Solar energy is the light and radiant heat from the Sun that influences Earth's climate and weather and sustains life. Solar power is the rate of solar energy at a point in time; it is sometimes used as a synonym for solar energy or more specifically to refer to electricity generated from solar radiation. Since ancient times solar energy has been harnessed for human use through a range of technologies. Solar radiation along with secondary solar resources such as wind and wave power, hydroelectricity and biomass account for most of the available flow of renewable energy on Earth.
Solar energy technologies can provide electrical generation by heat engine or photovoltaic means, daylighting and space heating in passive solar and active solar buildings, potable water via distillation and disinfection, ...view middle of the document...
The absorbed solar light heats the land surface, oceans and atmosphere. The warm air containing evaporated water from the oceans rises, driving atmospheric circulation or convection. When this air reaches a high altitude, where the temperature is low, water vapor condenses into clouds, which rain onto the earth's surface, completing the water cycle. The latent heat of water condensation amplifies convection, producing atmospheric phenomena such as cyclones and anti-cyclones. Wind is a manifestation of the atmospheric circulation driven by solar energy. Sunlight absorbed by the oceans and land masses keeps the surface at an average temperature of 14 Â°C. The conversion of solar energy into chemical energy via photosynthesis produces food, wood and the biomass from which fossil fuels are derived.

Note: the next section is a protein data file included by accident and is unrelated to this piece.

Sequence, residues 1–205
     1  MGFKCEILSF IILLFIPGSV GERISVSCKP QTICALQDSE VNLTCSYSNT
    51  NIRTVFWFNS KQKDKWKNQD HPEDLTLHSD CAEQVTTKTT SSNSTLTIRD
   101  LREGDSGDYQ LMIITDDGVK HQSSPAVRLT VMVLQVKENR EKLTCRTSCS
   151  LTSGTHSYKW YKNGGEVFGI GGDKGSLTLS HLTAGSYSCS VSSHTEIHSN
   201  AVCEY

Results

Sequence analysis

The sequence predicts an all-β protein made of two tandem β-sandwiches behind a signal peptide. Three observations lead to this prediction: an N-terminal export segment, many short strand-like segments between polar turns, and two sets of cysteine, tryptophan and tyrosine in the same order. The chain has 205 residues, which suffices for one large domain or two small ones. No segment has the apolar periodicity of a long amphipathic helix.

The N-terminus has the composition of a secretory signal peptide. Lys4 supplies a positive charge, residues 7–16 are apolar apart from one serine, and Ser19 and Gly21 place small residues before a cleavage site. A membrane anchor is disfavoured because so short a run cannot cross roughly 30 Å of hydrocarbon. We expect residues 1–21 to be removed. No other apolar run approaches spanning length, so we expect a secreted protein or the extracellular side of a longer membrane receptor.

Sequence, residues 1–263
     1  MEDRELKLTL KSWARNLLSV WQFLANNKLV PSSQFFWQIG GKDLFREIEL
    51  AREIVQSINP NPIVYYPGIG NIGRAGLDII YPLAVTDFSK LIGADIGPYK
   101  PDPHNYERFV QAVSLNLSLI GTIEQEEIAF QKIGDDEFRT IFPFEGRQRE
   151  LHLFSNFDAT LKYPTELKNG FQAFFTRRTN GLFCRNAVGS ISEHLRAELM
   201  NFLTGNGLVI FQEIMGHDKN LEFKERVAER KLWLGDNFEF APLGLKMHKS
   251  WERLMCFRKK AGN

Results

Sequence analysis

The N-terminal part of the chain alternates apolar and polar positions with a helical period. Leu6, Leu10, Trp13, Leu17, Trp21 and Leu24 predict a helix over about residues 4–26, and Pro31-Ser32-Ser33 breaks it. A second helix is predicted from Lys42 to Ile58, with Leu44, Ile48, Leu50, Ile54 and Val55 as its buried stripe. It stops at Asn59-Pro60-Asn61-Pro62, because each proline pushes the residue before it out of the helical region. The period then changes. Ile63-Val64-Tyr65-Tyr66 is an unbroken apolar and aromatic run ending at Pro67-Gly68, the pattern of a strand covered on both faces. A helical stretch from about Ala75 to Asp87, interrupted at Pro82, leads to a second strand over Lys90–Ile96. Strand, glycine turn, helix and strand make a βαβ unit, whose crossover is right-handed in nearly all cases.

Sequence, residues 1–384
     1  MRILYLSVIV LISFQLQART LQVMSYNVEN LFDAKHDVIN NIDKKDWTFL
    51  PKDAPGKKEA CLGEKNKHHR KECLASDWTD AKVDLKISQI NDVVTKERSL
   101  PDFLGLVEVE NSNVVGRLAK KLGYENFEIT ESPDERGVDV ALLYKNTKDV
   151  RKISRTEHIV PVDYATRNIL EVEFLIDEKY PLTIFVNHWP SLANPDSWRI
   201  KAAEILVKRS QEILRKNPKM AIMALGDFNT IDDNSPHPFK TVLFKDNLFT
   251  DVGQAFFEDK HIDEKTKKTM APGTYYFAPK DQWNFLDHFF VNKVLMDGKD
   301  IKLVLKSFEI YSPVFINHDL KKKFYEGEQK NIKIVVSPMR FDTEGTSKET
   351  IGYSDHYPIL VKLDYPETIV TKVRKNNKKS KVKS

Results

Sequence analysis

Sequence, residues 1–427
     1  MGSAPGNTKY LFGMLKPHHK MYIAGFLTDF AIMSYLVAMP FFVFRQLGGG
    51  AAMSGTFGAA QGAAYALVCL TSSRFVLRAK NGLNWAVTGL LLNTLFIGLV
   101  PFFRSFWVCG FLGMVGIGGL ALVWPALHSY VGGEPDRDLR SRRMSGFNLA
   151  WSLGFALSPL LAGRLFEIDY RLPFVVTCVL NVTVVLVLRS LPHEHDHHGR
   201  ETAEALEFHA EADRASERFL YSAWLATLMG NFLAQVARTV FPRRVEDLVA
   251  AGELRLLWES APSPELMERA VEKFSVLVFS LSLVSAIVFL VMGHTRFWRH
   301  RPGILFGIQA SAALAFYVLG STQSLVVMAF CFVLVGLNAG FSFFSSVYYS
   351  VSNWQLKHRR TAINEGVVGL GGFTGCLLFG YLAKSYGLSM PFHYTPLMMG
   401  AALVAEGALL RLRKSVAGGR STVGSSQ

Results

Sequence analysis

Solar radiation along with secondary solar resources such as wind and wave power, hydroelectricity and biomass account for 99.97% of the available renewable energy on Earth. The total solar energy absorbed by Earth's atmosphere, oceans and land masses is approximately 3,850 zettajoules (ZJ) per year. In 2002, this was more energy in one hour than the world used in one year. Photosynthesis captures approximately 3 ZJ per year in biomass. The amount of solar energy reaching the surface of the planet is so vast that in one year it is about twice as much as will ever be obtained from all of the Earth's non-renewable resources of coal, oil, natural gas, and mined uranium combined.
From the table of resources it would appear that solar, wind or biomass would be sufficient to supply all of our energy needs, however, the increased use of biomass has had a negative effect on global warming and dramatically increased food prices by diverting forests and crops into biofuel production. As intermittent resources, solar and wind raise other issues.